It’s helpful to keep a bird’s eye view on things.
When I flew into Europe for the first time, after an entire year of fantasy and anticipation, I was amazed at how familiar it looked. “Temperate” was the word that came to mind—thick soft clouds blanketed the green hills below, and I envisioned the whole tale of Western history as nourished by this healthy rainfall. Even as I came into Frankfurt in a downpour, and was subsequently dumped on, I was able to take it lightly because I had seen the clouds from above.
It was a very long flight—physically, the longest day of my life. I flew through heaven to get to Iceland and somehow skipped a night; the longest late-afternoon of all time was magically early morning when we touched down and the captain said the words “6 A.M.” over the loudspeaker. After the persistent, dazzling light of the Empyrean, the clouds and the weather of Germany seemed quaint by comparison, a distinctly earthly behavior.
There was a dazzling sunrise this morning, too, only I didn’t see it; all I saw were the clouds signalling towards the sun, the aftermath. During the turbulent birth of the sun, before the light fades into uniform day, the colors and the clouds recall the chaotic interactions of youth: the dances which shine with ripeness and possibility because they have not yet matured into a single definition; the events that can mean many things at once for their ambiguity and explosiveness. Walking along my dirty street to work I saw the hormonality of the clouds boiling over, and in my mind I envisioned the bigger picture, sky above, sun slunk over to some corner, embarrassed by what he’d done. I took my steps under the weather, in the low sphere of the dawn’s burgeoning fuchsia, cyan, and tangerine, and the cauldron of clouds roiling behind silhouettes of buildings.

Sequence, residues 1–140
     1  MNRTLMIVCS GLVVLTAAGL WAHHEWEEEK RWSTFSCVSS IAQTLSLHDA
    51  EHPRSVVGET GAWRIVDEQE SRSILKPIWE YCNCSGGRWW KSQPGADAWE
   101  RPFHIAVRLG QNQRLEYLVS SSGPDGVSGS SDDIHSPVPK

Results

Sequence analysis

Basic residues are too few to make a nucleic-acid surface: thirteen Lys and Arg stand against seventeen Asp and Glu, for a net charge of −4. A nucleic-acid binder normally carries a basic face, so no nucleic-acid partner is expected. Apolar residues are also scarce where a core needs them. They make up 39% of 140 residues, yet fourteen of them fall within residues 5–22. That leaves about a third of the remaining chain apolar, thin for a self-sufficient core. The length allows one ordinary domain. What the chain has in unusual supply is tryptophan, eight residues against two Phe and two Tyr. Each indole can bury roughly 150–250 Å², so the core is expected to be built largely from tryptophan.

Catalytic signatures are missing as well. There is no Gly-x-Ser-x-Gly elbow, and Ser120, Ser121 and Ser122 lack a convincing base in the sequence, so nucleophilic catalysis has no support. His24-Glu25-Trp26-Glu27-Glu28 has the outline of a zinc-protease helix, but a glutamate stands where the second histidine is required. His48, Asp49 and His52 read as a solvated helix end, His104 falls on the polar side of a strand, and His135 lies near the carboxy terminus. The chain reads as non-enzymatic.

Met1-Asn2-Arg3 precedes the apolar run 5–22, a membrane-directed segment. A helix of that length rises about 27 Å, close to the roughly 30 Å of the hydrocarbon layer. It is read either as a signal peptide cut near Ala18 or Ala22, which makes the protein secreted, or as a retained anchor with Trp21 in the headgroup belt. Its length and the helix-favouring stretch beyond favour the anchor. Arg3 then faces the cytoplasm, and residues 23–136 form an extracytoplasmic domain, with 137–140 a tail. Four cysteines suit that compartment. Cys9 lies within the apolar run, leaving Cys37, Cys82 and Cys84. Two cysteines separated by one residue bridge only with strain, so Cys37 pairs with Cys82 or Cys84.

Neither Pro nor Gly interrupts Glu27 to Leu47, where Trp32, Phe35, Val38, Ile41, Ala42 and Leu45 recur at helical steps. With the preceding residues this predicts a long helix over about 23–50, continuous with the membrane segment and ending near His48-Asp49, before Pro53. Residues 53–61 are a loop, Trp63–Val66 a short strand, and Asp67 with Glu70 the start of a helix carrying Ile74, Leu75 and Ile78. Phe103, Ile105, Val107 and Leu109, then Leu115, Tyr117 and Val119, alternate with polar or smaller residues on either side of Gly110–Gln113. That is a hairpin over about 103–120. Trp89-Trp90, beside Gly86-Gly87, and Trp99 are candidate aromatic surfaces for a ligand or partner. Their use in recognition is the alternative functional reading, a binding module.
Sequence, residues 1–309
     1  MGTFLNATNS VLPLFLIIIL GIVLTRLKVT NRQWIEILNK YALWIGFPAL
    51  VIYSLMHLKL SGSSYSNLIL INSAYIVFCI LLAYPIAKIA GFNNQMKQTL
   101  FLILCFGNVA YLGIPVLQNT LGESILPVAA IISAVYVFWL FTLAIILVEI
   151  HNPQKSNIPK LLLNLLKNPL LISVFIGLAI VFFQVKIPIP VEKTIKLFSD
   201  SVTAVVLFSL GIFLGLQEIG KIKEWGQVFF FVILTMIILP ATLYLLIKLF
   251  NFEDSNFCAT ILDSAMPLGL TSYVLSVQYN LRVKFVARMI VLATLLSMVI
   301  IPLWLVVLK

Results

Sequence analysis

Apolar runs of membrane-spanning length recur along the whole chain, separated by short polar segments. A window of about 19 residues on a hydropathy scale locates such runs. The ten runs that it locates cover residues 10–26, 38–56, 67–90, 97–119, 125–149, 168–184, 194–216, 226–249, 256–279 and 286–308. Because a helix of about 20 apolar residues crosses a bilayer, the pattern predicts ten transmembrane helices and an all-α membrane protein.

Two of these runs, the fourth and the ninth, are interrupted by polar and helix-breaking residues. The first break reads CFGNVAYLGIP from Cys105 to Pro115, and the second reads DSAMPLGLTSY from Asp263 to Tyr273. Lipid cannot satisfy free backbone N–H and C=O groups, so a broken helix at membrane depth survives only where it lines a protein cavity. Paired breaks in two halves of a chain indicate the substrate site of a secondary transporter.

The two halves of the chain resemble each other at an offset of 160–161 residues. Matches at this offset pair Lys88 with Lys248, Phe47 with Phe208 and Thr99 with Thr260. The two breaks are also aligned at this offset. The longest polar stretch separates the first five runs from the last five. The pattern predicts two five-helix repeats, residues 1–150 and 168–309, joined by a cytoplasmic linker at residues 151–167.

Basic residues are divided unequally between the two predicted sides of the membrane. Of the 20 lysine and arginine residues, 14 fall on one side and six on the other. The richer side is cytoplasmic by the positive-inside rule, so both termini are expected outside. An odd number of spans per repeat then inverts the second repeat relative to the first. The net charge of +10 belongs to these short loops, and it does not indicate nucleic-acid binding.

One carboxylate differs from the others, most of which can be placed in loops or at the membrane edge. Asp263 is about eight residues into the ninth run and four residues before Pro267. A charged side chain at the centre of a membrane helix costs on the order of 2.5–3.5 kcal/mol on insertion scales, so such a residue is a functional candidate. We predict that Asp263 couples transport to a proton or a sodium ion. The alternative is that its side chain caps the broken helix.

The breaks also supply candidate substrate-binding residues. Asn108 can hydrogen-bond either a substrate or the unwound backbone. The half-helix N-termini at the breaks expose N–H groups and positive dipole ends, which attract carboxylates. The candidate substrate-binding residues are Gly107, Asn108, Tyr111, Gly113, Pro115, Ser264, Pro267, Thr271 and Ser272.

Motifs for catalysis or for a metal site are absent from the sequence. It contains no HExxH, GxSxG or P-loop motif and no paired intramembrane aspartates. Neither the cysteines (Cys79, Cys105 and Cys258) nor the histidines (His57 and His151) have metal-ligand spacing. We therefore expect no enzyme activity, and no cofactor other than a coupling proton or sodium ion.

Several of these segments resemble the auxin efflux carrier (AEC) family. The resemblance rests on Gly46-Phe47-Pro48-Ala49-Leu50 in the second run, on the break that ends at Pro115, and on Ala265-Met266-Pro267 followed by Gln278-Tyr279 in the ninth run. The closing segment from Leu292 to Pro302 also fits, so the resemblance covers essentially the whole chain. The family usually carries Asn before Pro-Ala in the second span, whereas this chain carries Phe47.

Even when the rainclouds are pitch black and pouring, I suppose it’s comforting to imagine the sun above, shining bright. But that’s not the whole picture, because our human beauty is born of contrast, and high vistas of pure sunshine and blanched blue sky burn us and bore us, and we lose our mind with more than 20 hours of daylight at a time. The interplay of light and atmosphere does us the most good, so although the idea of top-down perspective can alleviate some of our worldly problems, it also serves to remember that the moisture of the troposphere and the darkness of earth can color and enliven the high, arid realms above.